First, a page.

The person with ADHD often wavers back and forth between being distracted and not in the present moment to the other extreme... hyper focused on something like scrapbooking from 9 p.m. to 2 a.m., leaving your spouse looking at you like some freak of nature as you amazingly assemble a handmade scrapbook for the kids complete with embellishments, captions and photos that would have taken anyone else weeks to months to complete in small increments of time. Then there is the possible risk of your budget being negatively affected if the one with ADHD impulsively spends money that's not figured in the budget or takes extreme risks to their health and safety like on the road or skydiving... all of this and more can add up to the relationship you have with your spouse being not so great.
The Reminder Relationship…
A partnership between two should ideally stand on equal ground instead of turning into a parent/child or "reminder relationship".... because what happens over time is the non-ADHD spouse begins to feel they must overcompensate or bring to light the ADHDer's potential slack. They feel as though they have to be a walking calendar and alarm system for the person with ADHD... "Did you pick up the so and so?", "When is your next dentist appointment?", "Did you call back so and so?" In turn it gets to be equally incredibly annoying(!) as someone with ADHD when you have someone continually making remarks that only serve to further impress upon you that you're lagging behind on what's on the calendar (sometimes before you've even had the opportunity to forget something) and they are behaving superior.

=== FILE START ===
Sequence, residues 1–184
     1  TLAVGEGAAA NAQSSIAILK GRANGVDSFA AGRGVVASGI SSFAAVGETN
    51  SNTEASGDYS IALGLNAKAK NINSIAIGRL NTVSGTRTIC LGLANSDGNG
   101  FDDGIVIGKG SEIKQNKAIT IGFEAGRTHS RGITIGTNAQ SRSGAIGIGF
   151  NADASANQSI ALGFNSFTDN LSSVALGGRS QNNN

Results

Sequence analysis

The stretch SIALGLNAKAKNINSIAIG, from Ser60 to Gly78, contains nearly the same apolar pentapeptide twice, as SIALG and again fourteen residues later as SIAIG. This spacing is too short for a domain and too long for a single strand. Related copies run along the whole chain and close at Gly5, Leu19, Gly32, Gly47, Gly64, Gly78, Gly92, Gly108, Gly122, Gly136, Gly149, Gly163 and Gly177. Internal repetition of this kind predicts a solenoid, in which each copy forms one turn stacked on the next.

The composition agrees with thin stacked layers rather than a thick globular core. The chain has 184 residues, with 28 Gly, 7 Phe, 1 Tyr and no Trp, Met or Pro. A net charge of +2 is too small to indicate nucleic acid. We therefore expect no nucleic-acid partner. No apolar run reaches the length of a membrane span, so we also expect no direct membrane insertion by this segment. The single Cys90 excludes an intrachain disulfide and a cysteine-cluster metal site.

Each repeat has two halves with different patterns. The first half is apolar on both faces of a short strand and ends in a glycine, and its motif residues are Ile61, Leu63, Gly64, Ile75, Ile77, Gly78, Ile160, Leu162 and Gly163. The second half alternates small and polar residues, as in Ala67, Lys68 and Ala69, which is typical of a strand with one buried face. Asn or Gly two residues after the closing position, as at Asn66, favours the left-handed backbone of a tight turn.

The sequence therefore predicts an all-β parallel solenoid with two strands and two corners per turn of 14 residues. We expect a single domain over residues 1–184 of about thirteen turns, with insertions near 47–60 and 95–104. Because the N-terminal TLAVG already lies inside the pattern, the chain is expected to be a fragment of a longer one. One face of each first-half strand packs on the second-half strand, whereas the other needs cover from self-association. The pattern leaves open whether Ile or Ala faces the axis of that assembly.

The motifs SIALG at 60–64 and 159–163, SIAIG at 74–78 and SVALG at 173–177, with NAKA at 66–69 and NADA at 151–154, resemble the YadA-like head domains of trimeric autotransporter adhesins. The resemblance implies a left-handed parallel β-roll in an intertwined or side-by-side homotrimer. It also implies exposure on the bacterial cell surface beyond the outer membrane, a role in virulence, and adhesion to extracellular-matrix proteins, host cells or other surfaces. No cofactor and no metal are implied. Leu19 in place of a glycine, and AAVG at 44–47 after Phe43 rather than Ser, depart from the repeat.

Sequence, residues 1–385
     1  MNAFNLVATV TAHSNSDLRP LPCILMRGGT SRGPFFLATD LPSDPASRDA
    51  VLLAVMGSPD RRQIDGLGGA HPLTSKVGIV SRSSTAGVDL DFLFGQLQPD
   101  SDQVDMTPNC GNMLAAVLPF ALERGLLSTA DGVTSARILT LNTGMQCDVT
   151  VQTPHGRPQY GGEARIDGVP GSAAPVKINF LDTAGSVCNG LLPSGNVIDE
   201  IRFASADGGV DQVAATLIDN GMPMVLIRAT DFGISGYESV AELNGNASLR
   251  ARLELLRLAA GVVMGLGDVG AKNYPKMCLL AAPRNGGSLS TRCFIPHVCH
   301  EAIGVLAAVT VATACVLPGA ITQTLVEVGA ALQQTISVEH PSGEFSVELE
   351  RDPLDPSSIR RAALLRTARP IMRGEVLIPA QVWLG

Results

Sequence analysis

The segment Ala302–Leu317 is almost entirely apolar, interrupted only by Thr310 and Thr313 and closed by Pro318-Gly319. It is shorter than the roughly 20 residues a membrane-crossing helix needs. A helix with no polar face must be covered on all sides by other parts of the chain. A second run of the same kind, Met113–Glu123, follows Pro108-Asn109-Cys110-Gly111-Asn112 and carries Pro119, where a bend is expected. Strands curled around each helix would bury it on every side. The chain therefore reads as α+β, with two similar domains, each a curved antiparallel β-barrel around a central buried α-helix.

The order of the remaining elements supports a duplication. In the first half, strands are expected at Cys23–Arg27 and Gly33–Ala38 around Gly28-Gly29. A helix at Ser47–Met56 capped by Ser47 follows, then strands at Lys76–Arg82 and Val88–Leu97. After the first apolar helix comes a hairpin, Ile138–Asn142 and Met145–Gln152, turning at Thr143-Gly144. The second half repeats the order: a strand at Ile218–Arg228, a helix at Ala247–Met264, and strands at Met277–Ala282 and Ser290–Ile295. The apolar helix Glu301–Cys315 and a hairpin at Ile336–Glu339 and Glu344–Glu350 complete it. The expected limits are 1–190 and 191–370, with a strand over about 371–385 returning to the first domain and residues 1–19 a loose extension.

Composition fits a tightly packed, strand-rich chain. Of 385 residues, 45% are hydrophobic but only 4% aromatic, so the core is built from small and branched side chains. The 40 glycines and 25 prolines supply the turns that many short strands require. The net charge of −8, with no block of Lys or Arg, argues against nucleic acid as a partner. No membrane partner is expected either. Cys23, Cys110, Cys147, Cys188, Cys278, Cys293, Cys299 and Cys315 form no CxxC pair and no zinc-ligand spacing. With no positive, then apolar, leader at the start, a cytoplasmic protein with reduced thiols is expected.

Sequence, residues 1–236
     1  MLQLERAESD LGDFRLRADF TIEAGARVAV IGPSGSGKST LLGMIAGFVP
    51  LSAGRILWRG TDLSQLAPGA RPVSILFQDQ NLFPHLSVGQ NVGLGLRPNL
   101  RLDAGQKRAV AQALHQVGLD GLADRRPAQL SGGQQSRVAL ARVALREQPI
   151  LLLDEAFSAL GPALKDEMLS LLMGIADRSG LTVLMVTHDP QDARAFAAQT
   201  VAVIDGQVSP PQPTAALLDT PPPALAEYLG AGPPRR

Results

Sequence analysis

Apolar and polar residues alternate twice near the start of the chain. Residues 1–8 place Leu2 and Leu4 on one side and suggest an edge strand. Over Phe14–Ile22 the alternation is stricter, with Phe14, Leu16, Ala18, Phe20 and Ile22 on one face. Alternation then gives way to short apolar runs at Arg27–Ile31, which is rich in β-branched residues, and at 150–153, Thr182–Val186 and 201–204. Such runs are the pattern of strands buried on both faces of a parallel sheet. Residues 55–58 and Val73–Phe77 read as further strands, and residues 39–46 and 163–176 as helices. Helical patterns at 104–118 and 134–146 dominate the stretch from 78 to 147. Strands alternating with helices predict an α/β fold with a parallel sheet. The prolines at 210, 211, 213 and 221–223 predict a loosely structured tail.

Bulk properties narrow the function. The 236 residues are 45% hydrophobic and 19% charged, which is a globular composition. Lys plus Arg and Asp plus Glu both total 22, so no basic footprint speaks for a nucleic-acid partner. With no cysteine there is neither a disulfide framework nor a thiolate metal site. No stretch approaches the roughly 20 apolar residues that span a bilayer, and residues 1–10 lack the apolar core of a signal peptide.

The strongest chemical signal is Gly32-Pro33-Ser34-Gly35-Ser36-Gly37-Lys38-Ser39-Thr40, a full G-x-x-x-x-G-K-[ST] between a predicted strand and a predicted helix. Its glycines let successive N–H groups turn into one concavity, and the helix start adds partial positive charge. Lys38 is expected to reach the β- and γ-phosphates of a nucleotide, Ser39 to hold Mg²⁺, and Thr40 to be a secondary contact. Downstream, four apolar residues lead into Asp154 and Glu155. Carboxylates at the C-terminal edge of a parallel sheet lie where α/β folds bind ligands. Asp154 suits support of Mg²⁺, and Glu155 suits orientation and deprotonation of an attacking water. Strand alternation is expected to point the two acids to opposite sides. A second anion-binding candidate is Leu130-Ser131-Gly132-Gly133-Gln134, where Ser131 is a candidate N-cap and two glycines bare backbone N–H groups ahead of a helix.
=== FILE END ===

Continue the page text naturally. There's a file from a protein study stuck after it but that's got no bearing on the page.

We came upon a point in our beautiful afternoon walk where the sidewalk ended and now the path became rough and uneven... like life often does throwing us for a loop when not expected.
"I loved being on that Vyvanse for the most part..." I admitted to her "For the first time in my life I got to see what 'normal' or 'typical' is. It was awesome... I got so much done, it was unreal. The biggest drawback was the extreme weight loss which wasn't good. And at the same time I kept feeling like a part of me was missing while on it. ADHD doesn't define me yet is a part of who I am... I'm not real sure where it and I begin or end. It's weird... life is funnier off medication. Being on it life is much more productive but also much more serious. I truly believe one of the biggest factors with dealing with ADHD is having a sense of humor. If you and your spouse can't laugh about it there's trouble. I'm trying new medication to see how I do and yet in that I'm not looking for perfection. Just a bit of help... and whoever I'm with one day is going to have to be understanding... in that if I miss a day or two of medication they aren't threatening me with divorce. If we don't have compassion and grace for each other but instead treat our spouse as an inconvenience how can we ever have love?"
© gps-gracepowerstrength.blogspot.com ~ 2014
October 26, 2012
some names have been omitted in this post
Setting two dinner plates of fish sticks, macaroni and cheese and green beans with steam coming off them on the kitchen table I called the kids into the kitchen, "Dinner's ready!" Fresh cups of milk stood ready for them at their place settings and a bottle of ketchup sat on the table. I rounded the granite bar countertop that divided the eating area and kitchen to fetch parmesan cheese from the refrigerator. Two excited children came running in and slid into their parson's chairs, exclaiming happiness it was time to eat and affirming they liked what they saw on their plates.
As I rummaged in the fridge I heard a loud thud.
Turning to my left I see him. Standing there with a huge oversized suitcase on rolling feet beside him he'd carried down from upstairs. With a dejected expression on his face he looks past me as if I'm invisible to search out the children's eye contact across the room. They meet his and get up from their seats with curiosity to walk around the countertop. They stop short when they see him with the suitcase standing there with a forlorn expression.